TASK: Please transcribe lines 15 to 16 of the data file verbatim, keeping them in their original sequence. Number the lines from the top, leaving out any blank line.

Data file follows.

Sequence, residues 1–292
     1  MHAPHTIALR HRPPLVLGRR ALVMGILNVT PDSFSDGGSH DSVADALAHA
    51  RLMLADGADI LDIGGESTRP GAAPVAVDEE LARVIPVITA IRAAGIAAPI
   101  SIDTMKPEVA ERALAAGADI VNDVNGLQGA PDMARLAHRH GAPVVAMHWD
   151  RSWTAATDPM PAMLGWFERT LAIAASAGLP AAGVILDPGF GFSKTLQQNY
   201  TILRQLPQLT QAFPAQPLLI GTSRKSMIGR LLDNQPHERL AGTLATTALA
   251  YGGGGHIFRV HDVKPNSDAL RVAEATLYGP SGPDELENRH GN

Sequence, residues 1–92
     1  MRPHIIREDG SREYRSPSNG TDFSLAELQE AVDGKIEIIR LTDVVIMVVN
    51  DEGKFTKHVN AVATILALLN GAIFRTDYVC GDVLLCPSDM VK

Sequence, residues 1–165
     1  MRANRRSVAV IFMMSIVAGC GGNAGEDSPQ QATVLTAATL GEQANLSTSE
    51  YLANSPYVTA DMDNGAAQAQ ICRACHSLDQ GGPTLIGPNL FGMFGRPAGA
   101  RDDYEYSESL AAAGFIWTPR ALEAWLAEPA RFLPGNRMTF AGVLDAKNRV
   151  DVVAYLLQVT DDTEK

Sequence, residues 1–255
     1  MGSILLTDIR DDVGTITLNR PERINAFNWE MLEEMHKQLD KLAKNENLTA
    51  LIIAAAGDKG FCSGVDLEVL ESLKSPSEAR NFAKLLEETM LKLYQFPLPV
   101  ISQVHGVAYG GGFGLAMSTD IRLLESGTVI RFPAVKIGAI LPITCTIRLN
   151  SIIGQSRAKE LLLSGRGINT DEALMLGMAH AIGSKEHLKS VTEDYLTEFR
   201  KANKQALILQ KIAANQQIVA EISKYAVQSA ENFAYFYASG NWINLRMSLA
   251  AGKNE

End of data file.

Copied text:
   151  DVVAYLLQVT DDTEK

Sequence, residues 1–255